Sunday, September 23, 2018

∪k-mer - knockout!

We hold a view that DNA sequences inherently follows strict rules of diffusion, spliced introns function on protein non-randomly and sequence order as well as length remain critical upstream of transcription. This formed the basis of our original data exploration in which we first proved the non-random relationships between intron's and the ultimate protein product of its gene.

In subsequence experiments we used our bioinformatic to identify a specific profile of HeLa cell sequences that reduced proliferation.  To discover these sequences, we computed more than 400,000 intron1 k-mers from 41 transcripts, identified and transfected 6 short sequences that significantly reduced the growth of these cervical cancer cells. From our RNA-seq analysis growth was reduced by shifting replicative senescence to apoptosis accompanied by mitcochondrial hyper-function.

For transcript (T), we looked at any sequence (S) as having cell-wide potential to define or be re-defined during or post transcription. However, as DNA of a gene, S must be considered to possess a unique potential that will effect its interactions. Science knows very little about the catalog of possible effects that can be attributed to S. To model its potential qualities we first look to its structural arrangements for any length (n>7).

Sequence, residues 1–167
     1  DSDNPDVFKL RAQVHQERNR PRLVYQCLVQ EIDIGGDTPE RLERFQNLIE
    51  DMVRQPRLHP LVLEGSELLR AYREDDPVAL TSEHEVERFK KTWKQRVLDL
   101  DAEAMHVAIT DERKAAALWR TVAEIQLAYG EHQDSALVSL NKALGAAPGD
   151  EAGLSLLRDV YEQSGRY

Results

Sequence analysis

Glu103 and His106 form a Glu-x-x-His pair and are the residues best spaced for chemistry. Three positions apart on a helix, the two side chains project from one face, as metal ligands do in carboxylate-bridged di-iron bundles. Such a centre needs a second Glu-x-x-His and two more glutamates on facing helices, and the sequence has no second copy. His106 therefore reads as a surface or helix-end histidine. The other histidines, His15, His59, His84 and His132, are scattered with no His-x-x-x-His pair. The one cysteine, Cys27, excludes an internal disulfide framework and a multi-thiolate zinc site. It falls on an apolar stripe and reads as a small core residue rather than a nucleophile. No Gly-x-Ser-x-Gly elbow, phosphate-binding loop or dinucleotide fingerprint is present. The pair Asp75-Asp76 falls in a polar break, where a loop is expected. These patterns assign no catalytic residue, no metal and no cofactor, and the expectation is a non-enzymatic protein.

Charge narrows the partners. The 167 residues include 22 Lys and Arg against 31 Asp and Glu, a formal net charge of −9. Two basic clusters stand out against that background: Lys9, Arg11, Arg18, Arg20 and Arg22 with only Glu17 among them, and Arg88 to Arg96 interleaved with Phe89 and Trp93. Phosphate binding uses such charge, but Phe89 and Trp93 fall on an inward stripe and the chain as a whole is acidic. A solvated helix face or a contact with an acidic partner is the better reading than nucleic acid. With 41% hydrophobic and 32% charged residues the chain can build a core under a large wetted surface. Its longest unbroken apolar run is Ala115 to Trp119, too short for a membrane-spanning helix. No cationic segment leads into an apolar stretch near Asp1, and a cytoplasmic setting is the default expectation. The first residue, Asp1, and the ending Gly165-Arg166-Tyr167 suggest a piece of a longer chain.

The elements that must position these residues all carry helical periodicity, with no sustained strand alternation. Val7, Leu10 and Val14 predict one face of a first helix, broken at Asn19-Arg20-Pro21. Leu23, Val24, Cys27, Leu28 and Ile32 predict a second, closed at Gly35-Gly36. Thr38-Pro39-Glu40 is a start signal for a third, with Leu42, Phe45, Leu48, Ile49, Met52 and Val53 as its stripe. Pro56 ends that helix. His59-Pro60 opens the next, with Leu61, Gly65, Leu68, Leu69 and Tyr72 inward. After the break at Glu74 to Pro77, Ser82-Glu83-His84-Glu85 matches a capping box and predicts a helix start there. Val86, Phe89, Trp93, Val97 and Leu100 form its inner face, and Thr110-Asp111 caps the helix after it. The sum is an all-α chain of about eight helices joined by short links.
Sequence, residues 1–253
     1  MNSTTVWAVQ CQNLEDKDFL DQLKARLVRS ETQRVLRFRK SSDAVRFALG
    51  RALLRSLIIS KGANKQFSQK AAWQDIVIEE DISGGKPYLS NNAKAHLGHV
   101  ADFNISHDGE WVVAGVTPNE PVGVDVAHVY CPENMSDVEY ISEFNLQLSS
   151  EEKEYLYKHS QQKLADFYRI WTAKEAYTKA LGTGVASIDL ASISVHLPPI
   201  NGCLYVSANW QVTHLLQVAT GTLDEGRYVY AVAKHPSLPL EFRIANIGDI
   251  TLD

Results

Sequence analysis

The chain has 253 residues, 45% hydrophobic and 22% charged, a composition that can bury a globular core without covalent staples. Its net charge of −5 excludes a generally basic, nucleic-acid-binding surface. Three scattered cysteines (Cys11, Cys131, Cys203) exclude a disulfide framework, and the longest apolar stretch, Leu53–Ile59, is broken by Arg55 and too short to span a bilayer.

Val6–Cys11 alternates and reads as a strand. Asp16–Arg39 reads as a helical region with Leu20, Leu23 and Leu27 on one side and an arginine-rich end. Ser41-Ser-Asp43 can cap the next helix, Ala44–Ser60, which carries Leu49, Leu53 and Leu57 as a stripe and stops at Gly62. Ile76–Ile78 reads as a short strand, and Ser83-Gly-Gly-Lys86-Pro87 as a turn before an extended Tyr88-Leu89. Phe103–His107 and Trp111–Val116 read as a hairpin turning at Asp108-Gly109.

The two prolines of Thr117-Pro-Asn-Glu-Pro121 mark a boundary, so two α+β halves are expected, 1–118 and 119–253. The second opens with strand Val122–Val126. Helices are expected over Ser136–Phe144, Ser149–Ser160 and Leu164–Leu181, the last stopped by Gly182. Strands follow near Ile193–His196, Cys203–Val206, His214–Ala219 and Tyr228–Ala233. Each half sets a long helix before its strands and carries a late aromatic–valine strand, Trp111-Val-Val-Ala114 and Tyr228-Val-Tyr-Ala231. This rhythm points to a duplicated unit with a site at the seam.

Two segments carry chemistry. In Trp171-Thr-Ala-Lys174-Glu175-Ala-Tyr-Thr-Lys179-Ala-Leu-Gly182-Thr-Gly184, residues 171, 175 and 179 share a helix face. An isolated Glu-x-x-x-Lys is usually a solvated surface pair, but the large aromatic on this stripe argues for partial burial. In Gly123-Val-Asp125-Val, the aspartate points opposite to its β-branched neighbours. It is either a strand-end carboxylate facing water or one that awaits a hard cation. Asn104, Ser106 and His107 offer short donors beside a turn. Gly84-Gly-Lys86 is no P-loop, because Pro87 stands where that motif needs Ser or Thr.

In our examples below, for S1=TGTGGGCCCACA and S2=GTGGGCCCAGAC we computed every possible k(n>7) and count unions of k - ⋃k.

The Unions  of k for S1 and S2
Why is this important? Let's say you want to tie this computation to biological function, the base data would have to represent the myriad underlying biological possibilities. To do this you would need very low level analytical resolution, some of which is represented in the images above.

At Codondex we take a further step by associating every k with a hash signature (#s) of the transcript protein or mRNA. You will appreciate for T that #s is constant and associated with every k(n>7)  input to tuple k(n>7...S):#s. The combination of each intron 1 k-mer with its transcript protein signature becomes the input to a highly ordered vector used to compare order stability, in the vector at the next nucleotide of k-mer:protein signatures for multiple transcripts of the same gene.

Our results show at the next nucleotide that order changes, in the vector are rare and orient dramatically to k-mer's of shorter lengths. Further, that the transcripts with the most changes in vector positions are definitive for sequence selections that confer their anti-proliferation effect in transfection experiments.

We anticipate cells approximating these k-mer:protein anti-proliferation signatures will be most useful in the fight against proliferating diseased cells. To test usefulness we will co-culture these cells to precondition Natural Killer cells with conforming and non-conforming receptor-ligand relationship sensitivity. These Natural Killer cells will be tested against HeLa to determine whether recognition and optimal immune response can be triggered.

Stay posted for more updates on our exciting discoveries and computations for minimally manipulated autologous therapy against patient disease.